That can’t possibly work

    The inventor of just about everything we use probably had to deal with one or more people in their lives that said this to them. Napoleon Hill, the author of Think and Grow Rich, gave us one of the most powerful quotes of our time:

    “Whatever your mind can conceive and believe the mind can achieve regardless of how many times you may have failed in the past.”

    When you are working with the mindset of successful people, you look past the roadblocks and pitfalls to keep your eyes on the goal. Mankind has shown the ability to solve most every problem through the application of sustained thinking. If we can figure out how to take computers from taking up entire rooms to more powerful ones held in your hand, then you can figure out how to land a job. Speaking of jobs …

    That’s not MY job!

    When part of a team, winners realized that the important thing is that the team reaches the goal. It is rare that in any project or enterprise that every single task, duty and contingency is accounted for within the pre-conceived job descriptions. Therefore, for the team to reach its goal, somebody at some point in time will need to roll up their sleeves and do something that is not officially their job. It is THAT person whom we usually find advancing professionally. These type of people see that the important thing if the achievements of the team, and not whining because of one or two extra tasks that they may have to perform.

    I just don’t have the time!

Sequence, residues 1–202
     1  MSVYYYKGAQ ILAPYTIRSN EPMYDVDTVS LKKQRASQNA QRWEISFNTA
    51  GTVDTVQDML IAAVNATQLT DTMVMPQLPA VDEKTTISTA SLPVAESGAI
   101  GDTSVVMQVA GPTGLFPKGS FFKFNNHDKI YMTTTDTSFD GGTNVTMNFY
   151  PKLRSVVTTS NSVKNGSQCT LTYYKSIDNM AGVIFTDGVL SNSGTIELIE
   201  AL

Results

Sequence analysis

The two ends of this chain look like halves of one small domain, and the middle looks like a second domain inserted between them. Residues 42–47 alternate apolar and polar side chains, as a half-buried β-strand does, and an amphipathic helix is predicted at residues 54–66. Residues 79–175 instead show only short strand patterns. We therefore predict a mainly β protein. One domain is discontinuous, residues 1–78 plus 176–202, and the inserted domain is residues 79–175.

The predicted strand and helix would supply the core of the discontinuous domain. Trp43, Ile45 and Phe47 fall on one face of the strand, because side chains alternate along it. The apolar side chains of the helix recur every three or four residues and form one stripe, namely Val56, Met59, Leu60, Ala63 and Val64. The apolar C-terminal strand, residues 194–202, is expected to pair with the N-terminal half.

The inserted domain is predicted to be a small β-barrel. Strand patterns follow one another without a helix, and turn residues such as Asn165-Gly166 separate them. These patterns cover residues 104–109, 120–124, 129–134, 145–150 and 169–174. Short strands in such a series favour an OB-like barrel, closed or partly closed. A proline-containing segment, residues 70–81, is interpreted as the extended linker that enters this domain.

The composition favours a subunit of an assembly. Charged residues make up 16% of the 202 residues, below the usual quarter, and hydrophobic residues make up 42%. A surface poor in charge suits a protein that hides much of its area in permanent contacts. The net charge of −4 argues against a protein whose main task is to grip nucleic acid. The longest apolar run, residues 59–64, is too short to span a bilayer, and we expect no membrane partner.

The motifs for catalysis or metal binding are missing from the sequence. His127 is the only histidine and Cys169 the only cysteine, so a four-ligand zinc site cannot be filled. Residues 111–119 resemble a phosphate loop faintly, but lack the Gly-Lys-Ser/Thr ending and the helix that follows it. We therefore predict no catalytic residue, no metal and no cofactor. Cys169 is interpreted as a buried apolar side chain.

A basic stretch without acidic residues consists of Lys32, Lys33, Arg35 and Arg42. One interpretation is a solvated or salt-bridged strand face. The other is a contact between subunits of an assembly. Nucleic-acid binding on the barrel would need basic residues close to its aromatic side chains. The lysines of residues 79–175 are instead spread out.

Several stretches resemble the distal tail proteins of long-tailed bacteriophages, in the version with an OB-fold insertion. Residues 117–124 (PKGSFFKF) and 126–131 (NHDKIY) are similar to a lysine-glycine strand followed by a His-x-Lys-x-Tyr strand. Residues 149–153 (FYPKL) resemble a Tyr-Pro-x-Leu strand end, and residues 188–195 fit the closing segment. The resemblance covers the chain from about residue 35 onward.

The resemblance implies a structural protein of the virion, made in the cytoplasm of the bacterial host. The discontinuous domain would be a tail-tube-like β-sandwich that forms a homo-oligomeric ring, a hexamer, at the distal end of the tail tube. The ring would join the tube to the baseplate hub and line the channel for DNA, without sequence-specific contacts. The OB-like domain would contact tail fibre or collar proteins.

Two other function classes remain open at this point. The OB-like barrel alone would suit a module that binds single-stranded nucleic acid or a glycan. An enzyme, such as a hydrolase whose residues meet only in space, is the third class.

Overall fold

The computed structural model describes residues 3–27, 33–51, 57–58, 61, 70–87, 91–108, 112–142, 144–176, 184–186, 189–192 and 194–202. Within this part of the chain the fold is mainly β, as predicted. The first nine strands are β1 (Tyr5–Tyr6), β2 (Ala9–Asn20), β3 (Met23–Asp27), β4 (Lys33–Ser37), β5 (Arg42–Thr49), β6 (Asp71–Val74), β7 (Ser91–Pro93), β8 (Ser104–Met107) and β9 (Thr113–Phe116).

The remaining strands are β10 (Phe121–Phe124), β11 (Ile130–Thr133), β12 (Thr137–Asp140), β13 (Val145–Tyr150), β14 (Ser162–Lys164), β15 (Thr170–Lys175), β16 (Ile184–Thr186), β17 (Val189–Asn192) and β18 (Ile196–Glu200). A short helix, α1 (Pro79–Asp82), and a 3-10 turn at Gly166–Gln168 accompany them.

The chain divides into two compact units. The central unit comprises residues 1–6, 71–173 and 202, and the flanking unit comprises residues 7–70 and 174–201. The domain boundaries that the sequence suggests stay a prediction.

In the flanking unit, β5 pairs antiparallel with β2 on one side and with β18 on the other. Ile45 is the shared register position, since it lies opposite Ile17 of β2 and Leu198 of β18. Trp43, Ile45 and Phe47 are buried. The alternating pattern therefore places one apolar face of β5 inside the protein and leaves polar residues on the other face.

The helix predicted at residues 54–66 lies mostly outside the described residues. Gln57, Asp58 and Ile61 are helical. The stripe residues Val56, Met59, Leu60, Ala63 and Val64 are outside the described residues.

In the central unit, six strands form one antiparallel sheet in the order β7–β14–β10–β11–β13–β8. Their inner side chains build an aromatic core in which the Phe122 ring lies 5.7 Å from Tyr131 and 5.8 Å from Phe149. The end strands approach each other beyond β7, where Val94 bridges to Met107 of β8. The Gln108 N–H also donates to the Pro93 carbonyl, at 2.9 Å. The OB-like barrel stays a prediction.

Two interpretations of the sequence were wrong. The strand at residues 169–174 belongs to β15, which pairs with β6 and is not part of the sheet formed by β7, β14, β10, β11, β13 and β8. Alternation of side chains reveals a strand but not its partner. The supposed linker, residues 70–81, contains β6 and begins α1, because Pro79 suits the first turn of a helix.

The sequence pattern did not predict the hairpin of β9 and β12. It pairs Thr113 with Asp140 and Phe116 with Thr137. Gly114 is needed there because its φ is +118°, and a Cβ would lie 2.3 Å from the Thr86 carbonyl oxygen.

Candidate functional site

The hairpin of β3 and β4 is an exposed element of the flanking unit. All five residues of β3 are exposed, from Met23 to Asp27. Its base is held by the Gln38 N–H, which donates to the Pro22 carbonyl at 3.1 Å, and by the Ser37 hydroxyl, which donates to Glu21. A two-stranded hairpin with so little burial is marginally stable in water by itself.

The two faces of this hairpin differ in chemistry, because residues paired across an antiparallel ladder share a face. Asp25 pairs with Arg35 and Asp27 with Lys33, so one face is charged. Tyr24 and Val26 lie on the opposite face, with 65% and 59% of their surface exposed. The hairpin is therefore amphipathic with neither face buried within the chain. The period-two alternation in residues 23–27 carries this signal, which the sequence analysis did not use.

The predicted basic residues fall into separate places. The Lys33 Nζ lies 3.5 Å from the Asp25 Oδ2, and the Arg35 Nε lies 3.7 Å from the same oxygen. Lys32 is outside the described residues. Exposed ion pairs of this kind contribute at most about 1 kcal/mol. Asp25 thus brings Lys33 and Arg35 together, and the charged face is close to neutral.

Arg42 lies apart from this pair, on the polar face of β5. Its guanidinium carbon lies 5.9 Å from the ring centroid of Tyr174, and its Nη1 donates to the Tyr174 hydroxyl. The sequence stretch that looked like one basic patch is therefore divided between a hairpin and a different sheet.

When a person claims that they do not have the time for important self-improvement activities outside of their standard daily responsibilities, more often than not, it is a matter of perspective. If you work a dead end job and even planning to start your own business, the difference in whether or not you are able to do it depends upon what you are willing to sacrifice. Successful people will sacrifice their social life, television, and even sleep in order to move closer to realizing their goal. There are 24 hours in a day, and most people work no more than 8 to 10 of them. That leaves between 14 and 16 hours to work on your business plan, pursue a new certification, or find a job you like better than the one you currently have. The winner will find one or two hours somewhere in there to get closer to that goal. Winners live the quote “I’ll sleep when I’m dead.”

    Granted, there can be exceptions depending upon the situation. But by and large, successful people will more often than not find that extra hour, dig for that extra solution, accept responsibility and refuse to dwell on the negative.

    So, which one are you?

  • looking-for-employment